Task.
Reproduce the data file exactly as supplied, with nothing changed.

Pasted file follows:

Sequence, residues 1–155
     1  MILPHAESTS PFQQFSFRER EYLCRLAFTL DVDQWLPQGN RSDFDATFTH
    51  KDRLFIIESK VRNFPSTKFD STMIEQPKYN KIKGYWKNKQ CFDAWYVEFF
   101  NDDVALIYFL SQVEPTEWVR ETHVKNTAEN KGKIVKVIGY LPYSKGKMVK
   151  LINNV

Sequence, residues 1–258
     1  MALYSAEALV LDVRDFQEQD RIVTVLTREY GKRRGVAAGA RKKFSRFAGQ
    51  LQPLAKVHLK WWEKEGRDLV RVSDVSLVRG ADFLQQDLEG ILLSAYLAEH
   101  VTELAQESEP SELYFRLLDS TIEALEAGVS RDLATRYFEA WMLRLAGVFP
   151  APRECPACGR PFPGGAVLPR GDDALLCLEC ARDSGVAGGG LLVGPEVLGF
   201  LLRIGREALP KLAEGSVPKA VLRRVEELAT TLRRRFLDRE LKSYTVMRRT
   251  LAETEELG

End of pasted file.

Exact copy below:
Sequence, residues 1–155
     1  MILPHAESTS PFQQFSFRER EYLCRLAFTL DVDQWLPQGN RSDFDATFTH
    51  KDRLFIIESK VRNFPSTKFD STMIEQPKYN KIKGYWKNKQ CFDAWYVEFF
   101  NDDVALIYFL SQVEPTEWVR ETHVKNTAEN KGKIVKVIGY LPYSKGKMVK
   151  LINNV

Sequence, residues 1–258
     1  MALYSAEALV LDVRDFQEQD RIVTVLTREY GKRRGVAAGA RKKFSRFAGQ
    51  LQPLAKVHLK WWEKEGRDLV RVSDVSLVRG ADFLQQDLEG ILLSAYLAEH
   101  VTELAQESEP SELYFRLLDS TIEALEAGVS RDLATRYFEA WMLRLAGVFP
   151  APRECPACGR PFPGGAVLPR GDDALLCLEC ARDSGVAGGG LLVGPEVLGF
   201  LLRIGREALP KLAEGSVPKA VLRRVEELAT TLRRRFLDRE LKSYTVMRRT
   251  LAETEELG